Is Your Business Prepared for GPDR?

GPDR Rules

The new rules for the EU’s General Data Protection Regulation (GDPR) have been published and published in the Official Journal of the European Union. Organisations now have 12 months to become compliant in time for the new law that will be active on 25 May 2018.  The new regulation has accountability obligations, stronger restrictions and rights on international data flows.  The businesses that value customer data should continue as they are. Organisations that presume consent and fail when it comes to data loss detection and reporting, have work to do.

Preparing for GPDR

All businesses need to evaluate the personal data they have. Create a data flow map that will show the pattern of the data in the company.  The business can use it to see who sees the data and where that data ends up within the organisation. The next step is to create and perform risk assessments in order to understand the threats that are a result of data processing as demanded by the GDPR. The risk-based approach is essential, as is the development of appropriate controls.  Management must understand and recognised the risks of data loss, misuse, theft and any form of compromise to the customer data. Businesses must also check all third parties they pass data on to can provide sufficient guarantees that they have high standards of data protection and security.

Create a Data Breach Response Plan

The GPDR requires all businesses to be prepared by creating a breach notification plan. This plan can be implemented if something goes wrong with the collected data.  Understanding your data categorisation and the data flow makes it easier to create a response plan. The plan needs to include details on who will co-ordinate the customer communications along with the response in the media and remedial activity. The plan should be rehearsed to ensure everyone is aware of what to do in response to a breach.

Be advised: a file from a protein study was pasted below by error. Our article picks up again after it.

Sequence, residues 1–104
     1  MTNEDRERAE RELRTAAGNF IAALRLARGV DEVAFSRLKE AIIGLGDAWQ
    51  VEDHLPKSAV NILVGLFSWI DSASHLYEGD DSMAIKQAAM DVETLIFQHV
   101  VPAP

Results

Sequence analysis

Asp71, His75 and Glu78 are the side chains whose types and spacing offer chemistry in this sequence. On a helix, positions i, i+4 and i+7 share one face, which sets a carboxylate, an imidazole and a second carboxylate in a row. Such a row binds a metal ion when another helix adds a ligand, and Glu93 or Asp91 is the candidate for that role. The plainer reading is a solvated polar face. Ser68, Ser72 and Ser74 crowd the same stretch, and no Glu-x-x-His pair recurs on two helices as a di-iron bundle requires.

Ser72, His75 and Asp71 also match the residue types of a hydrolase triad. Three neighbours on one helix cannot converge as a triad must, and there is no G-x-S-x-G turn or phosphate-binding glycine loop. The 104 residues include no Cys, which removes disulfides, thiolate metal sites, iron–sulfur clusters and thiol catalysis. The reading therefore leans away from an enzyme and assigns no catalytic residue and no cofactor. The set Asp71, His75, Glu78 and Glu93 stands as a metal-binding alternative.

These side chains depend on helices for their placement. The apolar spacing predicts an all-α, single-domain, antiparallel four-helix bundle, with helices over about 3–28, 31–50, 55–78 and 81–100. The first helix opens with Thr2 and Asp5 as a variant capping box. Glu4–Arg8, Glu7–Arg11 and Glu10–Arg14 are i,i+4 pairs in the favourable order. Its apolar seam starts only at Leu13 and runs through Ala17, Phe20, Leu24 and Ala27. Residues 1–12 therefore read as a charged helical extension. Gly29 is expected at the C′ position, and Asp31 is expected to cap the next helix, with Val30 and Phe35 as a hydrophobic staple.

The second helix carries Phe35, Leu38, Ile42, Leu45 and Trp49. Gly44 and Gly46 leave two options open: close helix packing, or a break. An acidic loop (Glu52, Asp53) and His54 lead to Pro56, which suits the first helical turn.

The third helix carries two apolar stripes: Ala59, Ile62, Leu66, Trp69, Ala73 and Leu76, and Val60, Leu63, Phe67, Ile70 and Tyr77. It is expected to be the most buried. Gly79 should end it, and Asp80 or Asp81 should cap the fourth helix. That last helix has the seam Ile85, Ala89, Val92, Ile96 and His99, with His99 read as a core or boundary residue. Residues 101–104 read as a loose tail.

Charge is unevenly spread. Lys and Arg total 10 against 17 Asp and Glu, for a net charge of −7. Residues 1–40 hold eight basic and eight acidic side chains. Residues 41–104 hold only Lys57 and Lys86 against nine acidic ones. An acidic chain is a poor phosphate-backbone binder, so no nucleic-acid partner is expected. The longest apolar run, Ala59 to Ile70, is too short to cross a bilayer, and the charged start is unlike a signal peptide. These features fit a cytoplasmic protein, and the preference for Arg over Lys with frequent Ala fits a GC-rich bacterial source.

12 Steps to Take Now

The ICO have come up with 12 steps that organisations should take now in order to prepare. The 12 steps are listed are:

  1. Awareness – decision makers need to be made aware of the GDPR and the impact of the new law.
  2. Document the personal data held in the organisation, how it comes into the business and where it is shared.
  3. Review current privacy notices and create a new plan for necessary changes in time for 25 May 2018.
  4. Check your procedures cover the individual’s rights.
  5. Update your procedures and plan how to deal with access requests.
  6. Examine and document the types of data processing performed in the business and the legal basis for the processes.
  7. Review how you request, obtain and record consent for taking data and decide if changes are required.
  8. The creation of systems to verify ages and the collection of parental consent for data processing activities.
  9. Check procedures are able to detect, report and investigate data breaches.
  10. Understand privacy impact assessments and know when they are to be implemented.
  11. Designate a Data Protection Officer, someone who will be responsible for data protection compliance.
  12. International organisations need to establish which data protection supervisory they fall under.

The new law will require some businesses to perform extensive work and may require large investments of time and money.  The year you have left to become compliant will pass by very quickly. Start working on becoming compliant sooner rather than later.

Further Reading

Overview of the General Data Protection Regulation